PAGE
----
Almost every resume lists communication skills. However, it is important to discuss your communication skills in a way that fits the job you are seeking. For example, a sales person needs to be able to present information, persuade a customer, and close a sale. A teacher also has to make presentations, but she might have to explain scientific concepts or describe technical features of poetry. Every job has its own special communication requirements.
A few days ago I was working with a professional whose work does not scream communication skills – a photographer. What I learned dealing with this client was that communication was vital to her work. She needed to win the trust of people who were going to give her permission to shoot photos, or she would need to get them to sign a release. This meant being persuasive and building rapport, often dealing with people in times of crisis or grief. This client is now changing careers, so the communication skills she learned as a photographer can be transferred to her new field.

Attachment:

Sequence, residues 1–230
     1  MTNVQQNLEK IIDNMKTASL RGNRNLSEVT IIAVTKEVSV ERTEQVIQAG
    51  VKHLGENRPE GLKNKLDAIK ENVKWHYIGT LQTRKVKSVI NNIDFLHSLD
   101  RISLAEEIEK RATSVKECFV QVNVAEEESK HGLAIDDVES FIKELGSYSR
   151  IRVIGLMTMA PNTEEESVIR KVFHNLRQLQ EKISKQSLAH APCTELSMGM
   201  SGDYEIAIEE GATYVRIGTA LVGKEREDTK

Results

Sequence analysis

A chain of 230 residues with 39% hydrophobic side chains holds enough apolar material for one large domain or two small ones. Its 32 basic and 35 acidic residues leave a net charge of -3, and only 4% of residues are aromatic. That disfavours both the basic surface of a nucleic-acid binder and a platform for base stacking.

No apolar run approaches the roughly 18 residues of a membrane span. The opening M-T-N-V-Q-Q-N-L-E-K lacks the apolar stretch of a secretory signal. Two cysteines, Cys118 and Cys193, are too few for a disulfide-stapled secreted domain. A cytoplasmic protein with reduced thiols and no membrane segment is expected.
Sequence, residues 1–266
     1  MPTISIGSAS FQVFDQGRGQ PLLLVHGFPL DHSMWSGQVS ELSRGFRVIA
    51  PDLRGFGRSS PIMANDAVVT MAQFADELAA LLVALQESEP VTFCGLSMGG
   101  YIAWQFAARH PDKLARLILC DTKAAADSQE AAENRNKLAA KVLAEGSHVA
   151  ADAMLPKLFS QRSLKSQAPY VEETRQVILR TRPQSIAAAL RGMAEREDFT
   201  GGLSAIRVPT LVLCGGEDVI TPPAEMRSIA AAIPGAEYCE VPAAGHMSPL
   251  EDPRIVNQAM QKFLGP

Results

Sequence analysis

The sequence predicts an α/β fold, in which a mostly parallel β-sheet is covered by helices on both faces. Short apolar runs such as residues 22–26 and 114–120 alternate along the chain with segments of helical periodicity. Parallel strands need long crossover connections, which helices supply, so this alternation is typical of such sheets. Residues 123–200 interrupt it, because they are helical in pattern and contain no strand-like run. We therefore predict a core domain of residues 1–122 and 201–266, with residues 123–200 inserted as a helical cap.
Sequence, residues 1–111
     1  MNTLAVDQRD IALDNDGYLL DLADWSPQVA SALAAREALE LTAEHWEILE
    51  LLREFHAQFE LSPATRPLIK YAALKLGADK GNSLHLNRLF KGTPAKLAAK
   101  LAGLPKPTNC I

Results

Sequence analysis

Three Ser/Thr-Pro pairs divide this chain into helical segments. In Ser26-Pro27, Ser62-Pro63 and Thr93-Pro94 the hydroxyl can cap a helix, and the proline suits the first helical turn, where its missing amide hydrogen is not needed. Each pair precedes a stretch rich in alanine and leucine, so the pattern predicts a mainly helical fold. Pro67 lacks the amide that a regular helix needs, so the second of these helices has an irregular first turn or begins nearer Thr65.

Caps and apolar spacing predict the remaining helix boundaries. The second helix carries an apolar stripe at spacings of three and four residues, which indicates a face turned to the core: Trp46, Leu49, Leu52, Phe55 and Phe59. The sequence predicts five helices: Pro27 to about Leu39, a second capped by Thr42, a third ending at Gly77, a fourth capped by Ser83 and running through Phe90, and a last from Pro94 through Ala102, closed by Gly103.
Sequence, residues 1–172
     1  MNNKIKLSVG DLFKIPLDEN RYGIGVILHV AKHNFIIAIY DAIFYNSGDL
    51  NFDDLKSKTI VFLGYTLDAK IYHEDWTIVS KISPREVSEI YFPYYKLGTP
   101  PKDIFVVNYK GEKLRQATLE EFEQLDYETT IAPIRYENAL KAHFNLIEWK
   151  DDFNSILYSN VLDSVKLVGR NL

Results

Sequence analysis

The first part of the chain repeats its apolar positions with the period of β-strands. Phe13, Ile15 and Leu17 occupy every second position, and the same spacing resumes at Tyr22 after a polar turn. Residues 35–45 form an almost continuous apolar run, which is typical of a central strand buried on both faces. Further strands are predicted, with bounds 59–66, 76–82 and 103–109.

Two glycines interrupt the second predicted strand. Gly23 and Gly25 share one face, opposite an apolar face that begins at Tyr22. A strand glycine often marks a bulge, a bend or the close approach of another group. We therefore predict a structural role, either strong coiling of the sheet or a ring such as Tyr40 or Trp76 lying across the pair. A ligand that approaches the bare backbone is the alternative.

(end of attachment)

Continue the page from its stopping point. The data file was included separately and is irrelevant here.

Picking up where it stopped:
When writing a resume, take the time to be specific in showing an employer how you can communicate on the job. It isn’t enough to say “communication skills.” Represent those skills in a way that shows your ability. Making your communication skills job-specific will give the employer confidence in your ability, and it can be a big factor in getting called for an interview.